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Jupiter is both the "fixer" and the "mediator" in this epic poem. He fixes things for the Trojans by promising them a legacy. He steps in to fix the problems created by his wife and his daughter, who are at odds in Aeneas' legacy. He, literally, puts out fires and steps in to restore the promised destiny. After Aeneas and his crew finally arrive in Italy, Jupiter must order his wife (Juno) to stop interferring in the fate of these people. In order to secure her promise, Jupiter must compromise, and promise that the Trojan descendents will create a culture that incorporates the Latin ways. In other words, he mediates to make a peace not only with his wife, but with the two warring cultures.
Jupiter was to the Romans as Zeus was to the Greeks, king of the gods. While many gods fought against each other, Jupiter is seen as a sort of referee who is more identified with the impersonal forces of fate. In the Aeneid, Jupiter therefore is portrayed as mature and levelheaded as he keeps Aeneas on track in the fulfillment of personal destiny. Behind all of this is the fact that since Jupiter, in Roman mythology, is the father of Mars, he is therefore the grandfather of Romulus and Remus, the founders of Rome.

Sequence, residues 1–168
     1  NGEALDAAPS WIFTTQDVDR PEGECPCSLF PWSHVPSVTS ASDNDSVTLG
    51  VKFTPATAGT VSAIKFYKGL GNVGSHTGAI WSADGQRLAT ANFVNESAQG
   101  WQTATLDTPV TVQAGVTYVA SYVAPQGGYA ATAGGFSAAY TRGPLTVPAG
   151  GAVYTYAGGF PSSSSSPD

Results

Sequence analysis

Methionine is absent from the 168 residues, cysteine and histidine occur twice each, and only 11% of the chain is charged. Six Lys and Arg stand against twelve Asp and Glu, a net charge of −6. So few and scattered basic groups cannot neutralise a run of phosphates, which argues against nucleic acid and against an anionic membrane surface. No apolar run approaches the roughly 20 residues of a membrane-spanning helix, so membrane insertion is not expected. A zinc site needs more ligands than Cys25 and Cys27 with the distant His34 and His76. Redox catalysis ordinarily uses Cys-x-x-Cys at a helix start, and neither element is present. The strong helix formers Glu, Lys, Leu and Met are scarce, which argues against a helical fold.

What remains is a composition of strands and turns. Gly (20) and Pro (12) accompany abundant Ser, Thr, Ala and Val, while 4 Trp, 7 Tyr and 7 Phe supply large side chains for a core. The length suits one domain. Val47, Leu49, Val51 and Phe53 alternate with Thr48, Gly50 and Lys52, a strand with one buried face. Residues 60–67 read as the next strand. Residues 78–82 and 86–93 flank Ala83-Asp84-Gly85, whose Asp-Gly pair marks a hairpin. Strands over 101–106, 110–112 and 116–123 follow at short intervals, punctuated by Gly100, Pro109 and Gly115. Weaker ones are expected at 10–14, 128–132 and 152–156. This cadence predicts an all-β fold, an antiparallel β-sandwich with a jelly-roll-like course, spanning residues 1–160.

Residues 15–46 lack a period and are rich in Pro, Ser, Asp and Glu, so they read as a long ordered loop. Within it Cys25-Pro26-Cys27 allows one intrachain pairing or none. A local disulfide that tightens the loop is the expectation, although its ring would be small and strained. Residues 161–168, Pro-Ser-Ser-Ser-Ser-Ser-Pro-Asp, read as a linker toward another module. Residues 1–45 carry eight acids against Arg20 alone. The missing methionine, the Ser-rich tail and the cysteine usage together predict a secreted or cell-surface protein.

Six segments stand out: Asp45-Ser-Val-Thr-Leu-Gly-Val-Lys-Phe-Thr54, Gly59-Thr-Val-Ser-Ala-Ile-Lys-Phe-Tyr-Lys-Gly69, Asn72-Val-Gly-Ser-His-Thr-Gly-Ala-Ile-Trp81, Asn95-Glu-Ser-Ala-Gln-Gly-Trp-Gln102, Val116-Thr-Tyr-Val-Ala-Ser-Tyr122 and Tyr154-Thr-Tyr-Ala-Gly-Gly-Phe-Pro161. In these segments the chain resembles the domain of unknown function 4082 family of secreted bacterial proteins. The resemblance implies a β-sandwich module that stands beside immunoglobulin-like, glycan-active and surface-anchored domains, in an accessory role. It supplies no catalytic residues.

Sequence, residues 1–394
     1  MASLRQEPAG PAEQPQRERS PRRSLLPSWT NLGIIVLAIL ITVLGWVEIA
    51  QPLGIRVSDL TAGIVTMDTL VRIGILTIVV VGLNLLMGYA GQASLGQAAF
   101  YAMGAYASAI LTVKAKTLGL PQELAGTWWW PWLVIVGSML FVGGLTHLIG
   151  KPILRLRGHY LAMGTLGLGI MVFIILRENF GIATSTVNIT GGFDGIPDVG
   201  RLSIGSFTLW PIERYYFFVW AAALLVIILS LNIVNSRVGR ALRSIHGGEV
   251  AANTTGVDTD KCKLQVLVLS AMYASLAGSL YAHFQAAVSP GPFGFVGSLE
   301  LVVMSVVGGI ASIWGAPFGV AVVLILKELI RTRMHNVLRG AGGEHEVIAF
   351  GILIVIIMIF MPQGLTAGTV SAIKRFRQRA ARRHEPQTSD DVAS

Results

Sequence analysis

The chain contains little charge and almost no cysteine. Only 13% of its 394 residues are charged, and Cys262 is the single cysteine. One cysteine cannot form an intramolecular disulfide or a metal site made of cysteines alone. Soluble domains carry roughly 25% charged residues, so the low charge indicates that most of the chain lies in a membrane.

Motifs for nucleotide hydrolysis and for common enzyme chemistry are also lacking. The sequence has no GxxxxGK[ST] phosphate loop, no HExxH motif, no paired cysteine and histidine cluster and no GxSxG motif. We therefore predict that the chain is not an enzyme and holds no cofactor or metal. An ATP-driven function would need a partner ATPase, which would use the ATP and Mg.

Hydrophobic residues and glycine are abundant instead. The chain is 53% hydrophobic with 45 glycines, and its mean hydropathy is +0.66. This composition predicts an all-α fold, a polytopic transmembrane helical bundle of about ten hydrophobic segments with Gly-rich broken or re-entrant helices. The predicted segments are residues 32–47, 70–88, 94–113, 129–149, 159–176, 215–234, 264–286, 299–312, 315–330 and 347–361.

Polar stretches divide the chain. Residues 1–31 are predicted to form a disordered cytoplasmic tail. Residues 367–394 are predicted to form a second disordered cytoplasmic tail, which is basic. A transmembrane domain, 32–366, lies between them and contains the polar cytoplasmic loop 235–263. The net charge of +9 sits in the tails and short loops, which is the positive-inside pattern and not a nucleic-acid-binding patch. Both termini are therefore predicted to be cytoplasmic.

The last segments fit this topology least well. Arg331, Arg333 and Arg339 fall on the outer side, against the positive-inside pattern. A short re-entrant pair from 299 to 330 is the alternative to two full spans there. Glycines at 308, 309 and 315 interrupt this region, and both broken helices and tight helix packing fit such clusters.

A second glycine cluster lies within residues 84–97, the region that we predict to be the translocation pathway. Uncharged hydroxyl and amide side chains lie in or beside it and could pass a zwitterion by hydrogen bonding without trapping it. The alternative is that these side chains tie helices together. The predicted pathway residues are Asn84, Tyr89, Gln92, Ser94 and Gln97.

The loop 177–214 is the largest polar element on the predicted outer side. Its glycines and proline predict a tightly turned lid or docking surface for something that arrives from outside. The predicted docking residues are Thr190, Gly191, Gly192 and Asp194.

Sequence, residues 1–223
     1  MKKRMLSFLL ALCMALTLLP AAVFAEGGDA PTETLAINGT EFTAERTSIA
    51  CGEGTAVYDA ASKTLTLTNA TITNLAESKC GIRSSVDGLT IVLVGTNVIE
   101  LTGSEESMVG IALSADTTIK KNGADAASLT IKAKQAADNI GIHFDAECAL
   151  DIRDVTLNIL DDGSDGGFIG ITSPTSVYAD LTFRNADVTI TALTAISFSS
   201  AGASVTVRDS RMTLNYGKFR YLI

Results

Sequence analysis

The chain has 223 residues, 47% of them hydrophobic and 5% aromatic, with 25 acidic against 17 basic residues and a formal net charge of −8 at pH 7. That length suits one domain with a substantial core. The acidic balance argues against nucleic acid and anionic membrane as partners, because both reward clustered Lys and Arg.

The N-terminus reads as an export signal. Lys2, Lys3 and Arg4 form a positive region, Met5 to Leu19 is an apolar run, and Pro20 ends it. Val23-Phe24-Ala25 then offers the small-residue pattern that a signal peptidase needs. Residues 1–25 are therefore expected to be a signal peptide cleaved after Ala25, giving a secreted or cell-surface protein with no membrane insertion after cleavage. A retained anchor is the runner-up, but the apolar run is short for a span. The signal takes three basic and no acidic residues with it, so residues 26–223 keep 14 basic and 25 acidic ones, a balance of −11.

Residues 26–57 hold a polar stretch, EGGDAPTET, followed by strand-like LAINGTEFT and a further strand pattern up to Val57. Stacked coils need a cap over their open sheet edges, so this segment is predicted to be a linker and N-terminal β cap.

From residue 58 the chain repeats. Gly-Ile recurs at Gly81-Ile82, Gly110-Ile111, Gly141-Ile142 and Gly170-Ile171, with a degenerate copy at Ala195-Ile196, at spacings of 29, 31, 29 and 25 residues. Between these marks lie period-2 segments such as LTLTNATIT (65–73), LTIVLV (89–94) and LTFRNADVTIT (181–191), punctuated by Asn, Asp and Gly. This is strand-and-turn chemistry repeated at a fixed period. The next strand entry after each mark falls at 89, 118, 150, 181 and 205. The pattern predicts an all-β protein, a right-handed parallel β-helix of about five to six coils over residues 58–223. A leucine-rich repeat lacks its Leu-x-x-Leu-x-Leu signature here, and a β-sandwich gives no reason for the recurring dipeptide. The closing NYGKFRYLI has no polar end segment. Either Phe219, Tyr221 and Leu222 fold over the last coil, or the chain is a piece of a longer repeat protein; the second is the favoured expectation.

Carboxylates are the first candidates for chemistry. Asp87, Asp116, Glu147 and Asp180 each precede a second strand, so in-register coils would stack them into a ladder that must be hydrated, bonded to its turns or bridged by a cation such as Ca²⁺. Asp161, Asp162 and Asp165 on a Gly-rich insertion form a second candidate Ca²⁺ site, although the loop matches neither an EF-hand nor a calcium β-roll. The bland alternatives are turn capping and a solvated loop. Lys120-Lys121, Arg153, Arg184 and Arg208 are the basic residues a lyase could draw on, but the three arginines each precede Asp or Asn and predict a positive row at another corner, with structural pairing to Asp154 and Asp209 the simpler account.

When we consider that Vergil wrote this epic for Augustus, as a means of legitimizing his succession and reign of the Roman Empire, it is quite appropriate we find Jupiter as a central deity to the underlying motive of the Aeneid.
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